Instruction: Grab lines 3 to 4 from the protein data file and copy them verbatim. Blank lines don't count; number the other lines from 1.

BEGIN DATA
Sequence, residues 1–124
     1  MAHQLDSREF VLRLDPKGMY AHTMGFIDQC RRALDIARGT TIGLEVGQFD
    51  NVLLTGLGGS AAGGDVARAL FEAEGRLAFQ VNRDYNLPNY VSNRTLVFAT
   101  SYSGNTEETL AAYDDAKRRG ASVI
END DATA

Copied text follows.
    51  NVLLTGLGGS AAGGDVARAL FEAEGRLAFQ VNRDYNLPNY VSNRTLVFAT
   101  SYSGNTEETL AAYDDAKRRG ASVI